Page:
Frantic, I run to the New Section, which is oddly hilly, planted with new cypresses and evergreens, and drop to my knees at a large gravestone beside a forbiddingly dark green tree. Scrabbling with my hands in the dirt, I dig down into a crevice that has opened up between the base of the stone and the earth into which it has settled. My gorge rises in disgust as I feel the smaller tendrils of the tree-roots brushing against my hands; they feel like dry fingers. I know, again with sudden clarity, that this is the right spot. I’m sweating, the perspiration is running into my eyes; it’s getting harder to see—by now it’s deep twilight—when I feel a little whoof of cool air coming up out of the ground, as if escaping from a locked chamber. Torn between curiosity and terror, I sit back on my haunches, trying to think of what to do next, when I hear a voice behind me. The voice is calling my name, in a familiar accent.
Dehniel, it says. Dehniel.
It’s the voice of my grandfather.
Of course I don’t turn around to look. Instead, I start running, and as I run I miraculously acquire absolute knowledge of two facts. The first is that my grandfather has a pistol filled with round silver bullets, meant for me. The second is that he’s very angry. When I was growing up, Grandpa’s anger was a thing you feared: you didn’t disturb him while he ate his farina, carefully pursing his lips to blow on a spoonful of the hot cereal as the single pat of butter melted in the middle of the bowl, or while he read the paper, or while he davened in the morning, the burgundy-velvet tallis bag with its silver embroidery carefully laid on a chair: no, you never disturbed him. His belt, and the bottom of his leather bedroom slipper, had seen some use. But what I’m thinking about in the dream, as I run blindly back toward the “old” section—for some instinct tells me that, even ransacked and empty, the Bolechover section is somehow safe—what I’m thinking about is this childish thought: that I don’t want to turn around, don’t want to see his face. What will Grandpa look like now, after the swimming pool, after ten years in the ground?
It is this terror, a low fear bred of too many Saturday nights in the 1970s watching “Chiller Theater” and “Creature Features” with my brother Andrew—in the dream, even, I’m aware of a certain embarrassment about this—that possesses me as the first of the bullets whizzes softly past me. And it is at this point, night after night, that I start shouting, the loud wild dream-scream that is, in waking reality, nothing more than a strangled grunt; and wake up.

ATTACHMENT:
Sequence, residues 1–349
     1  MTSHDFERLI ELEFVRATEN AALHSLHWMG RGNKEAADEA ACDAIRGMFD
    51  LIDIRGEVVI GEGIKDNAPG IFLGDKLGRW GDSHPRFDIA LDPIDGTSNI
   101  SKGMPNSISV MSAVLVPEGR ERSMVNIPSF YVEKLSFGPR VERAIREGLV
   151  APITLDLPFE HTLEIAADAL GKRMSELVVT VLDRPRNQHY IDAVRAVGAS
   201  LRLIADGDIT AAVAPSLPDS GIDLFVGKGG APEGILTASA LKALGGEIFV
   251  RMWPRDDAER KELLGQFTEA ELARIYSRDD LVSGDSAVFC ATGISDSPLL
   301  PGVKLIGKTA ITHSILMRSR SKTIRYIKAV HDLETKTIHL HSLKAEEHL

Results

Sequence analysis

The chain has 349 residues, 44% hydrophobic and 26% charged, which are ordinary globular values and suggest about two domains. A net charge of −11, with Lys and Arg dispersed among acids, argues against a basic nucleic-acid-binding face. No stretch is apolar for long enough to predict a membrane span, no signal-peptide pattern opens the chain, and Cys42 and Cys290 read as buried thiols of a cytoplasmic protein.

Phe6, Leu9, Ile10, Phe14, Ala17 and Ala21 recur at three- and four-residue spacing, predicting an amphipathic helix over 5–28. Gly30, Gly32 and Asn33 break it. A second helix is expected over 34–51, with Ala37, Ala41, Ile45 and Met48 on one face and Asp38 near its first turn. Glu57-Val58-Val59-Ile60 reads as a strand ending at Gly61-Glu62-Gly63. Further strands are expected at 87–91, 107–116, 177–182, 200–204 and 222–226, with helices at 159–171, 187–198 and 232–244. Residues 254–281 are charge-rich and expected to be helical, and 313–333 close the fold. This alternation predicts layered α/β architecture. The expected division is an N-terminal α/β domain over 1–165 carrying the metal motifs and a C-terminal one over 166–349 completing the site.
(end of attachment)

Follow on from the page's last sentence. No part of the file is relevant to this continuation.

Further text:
Naturally when I actually went to the cemetery with Bill that day, our visit was uneventful—pleasant, even. We pulled up by the low stone wall, and from the curbside on the Interboro Parkway of course I pointed out to him Aunt Ray’s grave, the granite tree trunk with its lopped-off limbs. We walked through the entrance, wordlessly took our yarmulkes from the Hasid on duty—Bill giggles as he puts his on; of course it only makes him look more WASPy—and turned left, heading down the quiet path, to the familiar patch of ground, the gates, the forlorn stone bench, the mishpuchah calmly unconcerned with our presence, some of their headstones dotted with pebbles and rocks that other, unimaginable visitors had left as tokens of their visits. As we stepped over the low mounds I’d bend over and clear the ivy away from the inscriptions and tell Bill who was there, how they were related to me, what role they’d played in the turbulent family dramas that my grandfather had lovingly narrated to me when I was young. Grandpa and Nana’s pale gray stone was clean, new-looking as always, smoothly polished. Mar. 23 1902 – June 13 1980. I repeated the dates aloud, recalling that the 13th, the day he’d jumped in the pool, had been a Friday; and remembered the small shiver of embarrassment I’d felt that day, home from my southern university for the summer, when I realized that this awful family tragedy, not only death but suicide, had occurred on a Friday the 13th, like something in a bad horror movie.